How can I share one over the air antenna to multiple TV’s? I will show you how in this article. In most cases, your home may have existing coaxial cable wiring already setup in the house. If you had some type of cable or dish television previously installed, you likely have most of the wiring done for you. The great part about using an over the air antenna is, you can tap into the existing wiring to plug in your HD antenna. From there you can install a splitter to distribute the signal to several televisions. If your house does not have the existing wiring you will need to run the cabling yourself. I will show you how to do that as well.
How to Split an Over The Air Antenna Signal to Multiple TV’s
Once you have your antenna installed and if your house is fully wired, all of the coaxial cables will come to a central point. In most houses, it is in the basement or utility room. It is a bundle of black cables. It may be helpful to first identify where each cable leads to. Once you have this figured out, label each cable with a piece of tape. For example, a label may read “Bedroom 1” or “Living Room”. They may have already been labeled by the electrician. The cables could already be plugged into some type of splitter from your cable provider.
Passive or Powered Splitter
Most of the splitters that the cable companies provide are passive and are not powered splitters. You may be better off replacing it with a powered splitter if your second TV is more then 150 feet away. This will allow you to boost your antenna signal further. If your second television is far away in another bedroom, the powered splitter will boost the signal for better reception. Make sure not to use the splitter for your internet router/modem. Your antenna should be separate from this signal and not combined.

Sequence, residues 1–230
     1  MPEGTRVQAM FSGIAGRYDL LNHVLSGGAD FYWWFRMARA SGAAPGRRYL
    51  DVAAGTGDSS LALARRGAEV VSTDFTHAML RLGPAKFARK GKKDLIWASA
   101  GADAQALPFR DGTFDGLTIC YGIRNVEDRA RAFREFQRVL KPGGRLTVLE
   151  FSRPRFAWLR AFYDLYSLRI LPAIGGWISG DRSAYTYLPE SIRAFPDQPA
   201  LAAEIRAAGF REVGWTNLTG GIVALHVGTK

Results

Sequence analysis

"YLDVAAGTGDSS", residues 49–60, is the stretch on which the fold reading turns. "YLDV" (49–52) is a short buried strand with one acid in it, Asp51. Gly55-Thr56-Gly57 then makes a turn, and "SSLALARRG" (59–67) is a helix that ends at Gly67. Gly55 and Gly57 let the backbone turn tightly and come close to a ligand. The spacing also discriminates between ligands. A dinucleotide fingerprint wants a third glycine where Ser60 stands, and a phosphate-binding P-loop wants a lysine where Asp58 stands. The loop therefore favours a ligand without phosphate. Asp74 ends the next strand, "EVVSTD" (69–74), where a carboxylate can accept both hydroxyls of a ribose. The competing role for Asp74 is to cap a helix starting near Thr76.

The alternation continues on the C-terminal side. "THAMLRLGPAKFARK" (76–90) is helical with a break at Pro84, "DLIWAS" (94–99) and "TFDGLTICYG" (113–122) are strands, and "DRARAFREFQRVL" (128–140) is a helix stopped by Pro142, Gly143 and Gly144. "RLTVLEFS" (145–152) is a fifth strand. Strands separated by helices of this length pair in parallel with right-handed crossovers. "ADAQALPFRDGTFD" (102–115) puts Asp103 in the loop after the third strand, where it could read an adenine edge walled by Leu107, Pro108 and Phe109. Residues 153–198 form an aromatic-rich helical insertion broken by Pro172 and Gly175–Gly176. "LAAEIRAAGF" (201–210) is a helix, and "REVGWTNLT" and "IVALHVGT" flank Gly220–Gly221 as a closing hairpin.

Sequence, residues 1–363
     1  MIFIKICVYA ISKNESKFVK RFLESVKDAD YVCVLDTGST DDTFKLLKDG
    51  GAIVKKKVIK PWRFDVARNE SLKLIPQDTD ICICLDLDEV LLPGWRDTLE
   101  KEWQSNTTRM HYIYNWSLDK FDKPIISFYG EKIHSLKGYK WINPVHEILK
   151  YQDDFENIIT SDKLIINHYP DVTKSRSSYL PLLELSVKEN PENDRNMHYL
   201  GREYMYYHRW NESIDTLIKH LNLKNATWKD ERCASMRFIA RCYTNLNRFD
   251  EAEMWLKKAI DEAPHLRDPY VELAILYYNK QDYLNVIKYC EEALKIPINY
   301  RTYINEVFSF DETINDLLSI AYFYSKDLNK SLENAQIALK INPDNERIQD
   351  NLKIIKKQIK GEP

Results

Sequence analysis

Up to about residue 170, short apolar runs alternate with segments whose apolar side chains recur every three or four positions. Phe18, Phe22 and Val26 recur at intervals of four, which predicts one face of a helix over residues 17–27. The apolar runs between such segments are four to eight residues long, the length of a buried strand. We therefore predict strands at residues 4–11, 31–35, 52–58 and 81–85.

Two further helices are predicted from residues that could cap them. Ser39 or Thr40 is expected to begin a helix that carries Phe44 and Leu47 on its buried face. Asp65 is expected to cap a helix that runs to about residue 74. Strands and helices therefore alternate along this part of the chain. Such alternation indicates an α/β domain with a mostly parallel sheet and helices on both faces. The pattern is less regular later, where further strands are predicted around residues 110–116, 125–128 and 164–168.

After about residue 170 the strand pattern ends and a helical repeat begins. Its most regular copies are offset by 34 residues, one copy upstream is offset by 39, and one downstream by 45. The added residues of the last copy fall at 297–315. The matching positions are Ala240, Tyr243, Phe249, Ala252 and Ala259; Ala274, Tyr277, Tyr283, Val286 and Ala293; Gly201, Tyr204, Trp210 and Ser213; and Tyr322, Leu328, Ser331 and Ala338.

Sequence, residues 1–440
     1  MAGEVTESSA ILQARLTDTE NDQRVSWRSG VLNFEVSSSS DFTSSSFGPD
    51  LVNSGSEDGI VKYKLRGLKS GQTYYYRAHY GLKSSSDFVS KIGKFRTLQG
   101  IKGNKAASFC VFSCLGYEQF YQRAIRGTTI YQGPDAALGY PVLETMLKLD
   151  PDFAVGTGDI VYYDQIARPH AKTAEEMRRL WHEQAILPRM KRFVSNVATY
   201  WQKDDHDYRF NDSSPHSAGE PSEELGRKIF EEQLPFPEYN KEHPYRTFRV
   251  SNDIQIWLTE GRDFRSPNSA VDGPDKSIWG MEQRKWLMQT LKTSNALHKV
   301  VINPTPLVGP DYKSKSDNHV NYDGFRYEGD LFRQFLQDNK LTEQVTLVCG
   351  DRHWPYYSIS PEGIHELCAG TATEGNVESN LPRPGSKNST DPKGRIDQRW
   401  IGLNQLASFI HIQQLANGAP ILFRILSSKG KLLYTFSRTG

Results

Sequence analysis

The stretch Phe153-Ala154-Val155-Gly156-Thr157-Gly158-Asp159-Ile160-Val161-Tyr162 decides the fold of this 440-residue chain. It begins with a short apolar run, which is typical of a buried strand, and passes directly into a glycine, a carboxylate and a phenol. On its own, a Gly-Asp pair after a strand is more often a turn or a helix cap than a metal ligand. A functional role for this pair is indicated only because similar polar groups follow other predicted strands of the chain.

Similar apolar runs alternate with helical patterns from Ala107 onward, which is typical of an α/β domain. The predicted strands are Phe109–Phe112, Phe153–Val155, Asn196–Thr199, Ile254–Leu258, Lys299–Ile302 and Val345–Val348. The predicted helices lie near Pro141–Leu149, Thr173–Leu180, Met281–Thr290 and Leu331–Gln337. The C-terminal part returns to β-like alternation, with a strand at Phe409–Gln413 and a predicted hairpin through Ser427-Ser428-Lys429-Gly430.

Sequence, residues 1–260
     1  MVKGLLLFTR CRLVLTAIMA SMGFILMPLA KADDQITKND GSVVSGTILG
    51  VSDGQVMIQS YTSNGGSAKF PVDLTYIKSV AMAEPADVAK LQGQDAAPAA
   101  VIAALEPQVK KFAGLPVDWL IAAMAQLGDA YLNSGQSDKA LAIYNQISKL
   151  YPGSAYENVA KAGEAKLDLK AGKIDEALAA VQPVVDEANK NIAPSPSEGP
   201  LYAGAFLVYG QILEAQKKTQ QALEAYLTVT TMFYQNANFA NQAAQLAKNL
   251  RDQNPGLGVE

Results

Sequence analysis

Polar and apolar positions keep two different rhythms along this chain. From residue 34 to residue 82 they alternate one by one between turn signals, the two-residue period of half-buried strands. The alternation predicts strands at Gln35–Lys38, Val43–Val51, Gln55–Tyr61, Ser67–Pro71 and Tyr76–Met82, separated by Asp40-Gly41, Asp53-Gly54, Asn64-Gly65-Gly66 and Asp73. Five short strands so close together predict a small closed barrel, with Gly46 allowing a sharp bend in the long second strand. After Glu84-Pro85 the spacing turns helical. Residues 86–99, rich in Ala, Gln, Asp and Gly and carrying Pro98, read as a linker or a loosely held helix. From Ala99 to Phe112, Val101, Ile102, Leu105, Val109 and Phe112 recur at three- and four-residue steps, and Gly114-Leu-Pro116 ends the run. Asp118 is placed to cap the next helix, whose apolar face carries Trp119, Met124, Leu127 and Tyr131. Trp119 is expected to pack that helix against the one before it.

Using Existing Wall Jacks
Pictured above: My cable from the HD antenna in the attic is plugged into the closest wall jack that connects to the splitter in the basement.
Depending on where you’re over the air antenna is placed, you can use the closest wall jack to plug your antenna into. My antenna is in my attic, so I plugged the antenna cable into the closest wall jack in the upstairs bedroom. The cable then runs from this wall jack to the basement to the central stack of cables. This now becomes my antenna input cable. Then I placed my splitter/distribution amp in this area. Next, I plugged in the coaxial cable from the antenna wall jack into the input of the splitter. Then I identified which cables in the bundle lead to the wall jacks where the TV’s are located. I plugged each TV cable into the outputs of the splitter. Again, if you do not have wall jacks installed, you will have to run new coaxial cable to each television and central location. You will also need to provide power to the splitter and in some cases to your antenna. For certain setups, a passive splitter (unpowered) will work if your cable runs are short and your antenna booster is powerful enough.
Here are the splitters we recommend:
Channel Master CM3412 2-Port Distribution Amplifier